In Masonic circles, he held several offices in the grand lodge. Most, if not all, the Macon men in the ancestral line were all Masons down through the 20th century.
Maj. John left the No. Carol. Senate in 1796. His wife died in childbirth on Dec.13, 1796, so it could have been during that last part of Dec. when he left.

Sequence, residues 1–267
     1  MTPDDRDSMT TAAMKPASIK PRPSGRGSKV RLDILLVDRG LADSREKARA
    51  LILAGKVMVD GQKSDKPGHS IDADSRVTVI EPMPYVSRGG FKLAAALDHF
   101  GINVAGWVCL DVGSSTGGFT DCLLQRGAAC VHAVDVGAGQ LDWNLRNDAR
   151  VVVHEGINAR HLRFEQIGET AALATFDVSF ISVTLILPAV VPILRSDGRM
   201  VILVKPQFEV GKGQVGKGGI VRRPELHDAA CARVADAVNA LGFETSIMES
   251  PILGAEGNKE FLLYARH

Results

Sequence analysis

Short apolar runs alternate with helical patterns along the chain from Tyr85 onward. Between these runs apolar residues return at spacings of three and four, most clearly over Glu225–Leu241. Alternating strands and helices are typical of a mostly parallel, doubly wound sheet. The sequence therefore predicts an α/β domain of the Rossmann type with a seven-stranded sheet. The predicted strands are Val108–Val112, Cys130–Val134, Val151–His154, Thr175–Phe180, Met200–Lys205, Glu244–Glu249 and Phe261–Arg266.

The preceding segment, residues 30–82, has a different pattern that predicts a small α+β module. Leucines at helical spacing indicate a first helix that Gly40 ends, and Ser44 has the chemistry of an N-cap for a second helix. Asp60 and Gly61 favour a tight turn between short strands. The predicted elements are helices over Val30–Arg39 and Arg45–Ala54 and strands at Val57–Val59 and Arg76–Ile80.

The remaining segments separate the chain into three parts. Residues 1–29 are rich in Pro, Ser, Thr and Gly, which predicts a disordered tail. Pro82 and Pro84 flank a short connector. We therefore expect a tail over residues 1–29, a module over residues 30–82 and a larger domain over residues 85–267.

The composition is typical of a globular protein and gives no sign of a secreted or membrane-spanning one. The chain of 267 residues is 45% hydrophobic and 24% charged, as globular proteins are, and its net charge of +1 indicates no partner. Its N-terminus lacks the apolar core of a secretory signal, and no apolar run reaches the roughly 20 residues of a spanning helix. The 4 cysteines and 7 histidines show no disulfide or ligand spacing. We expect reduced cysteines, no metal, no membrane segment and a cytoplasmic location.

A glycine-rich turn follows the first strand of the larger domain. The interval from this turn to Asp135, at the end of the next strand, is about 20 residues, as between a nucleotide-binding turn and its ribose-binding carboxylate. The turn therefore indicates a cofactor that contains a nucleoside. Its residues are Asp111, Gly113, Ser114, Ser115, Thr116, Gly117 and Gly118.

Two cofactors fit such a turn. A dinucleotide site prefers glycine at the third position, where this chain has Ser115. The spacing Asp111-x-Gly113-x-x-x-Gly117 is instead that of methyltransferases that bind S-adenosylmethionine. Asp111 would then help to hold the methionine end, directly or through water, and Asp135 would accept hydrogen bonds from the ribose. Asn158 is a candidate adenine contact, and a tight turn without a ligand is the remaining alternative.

In 1797, Maj. John was only 42 years old and very depressed about his wife dying in childbirth with Henry. This is when he withdrew form political life and may have started drinking, (this got worse as he got older, according to later family stories). It was in this same year that he decided to distribute some of his slaves to his children for their future security. According to the records, he started this process on the 1st anniversary of his wife’s death, Dec. 13, 1797. However, it took until Feb. of 1798 to get though the court. In the Warren Co., No. Carol. Wills, Vol 3, by Kerr, page 93, Will Book 9, page 290.”John Macon to his children, (all minors), George Washington Macon, Priscilla Jones Macon, William Henry Macon, Mary Hunt Macon, John Tabb Macon, Sephronia Macon, and Gabriel Long Macon, gift of 22 negroes and money to be used by his friends, William Green and G. H. Macon, (John’s brother, Gideon Hunt Macon), to buy others. Witness G. H. Macon (Jurat) and Wm. Green ( Jurat). This was not a will, it was a deed of purpose to give his children slaves for their security. It was usual to rent out slaves to other people for short times as a method of income. He only included 7 of his 8 children in the above order. He left out Henry Harrison Macon, born, Dec. 13, 1796, at the time his wife died. Was the sentence, “money to buy others” for Henry? We can only hope.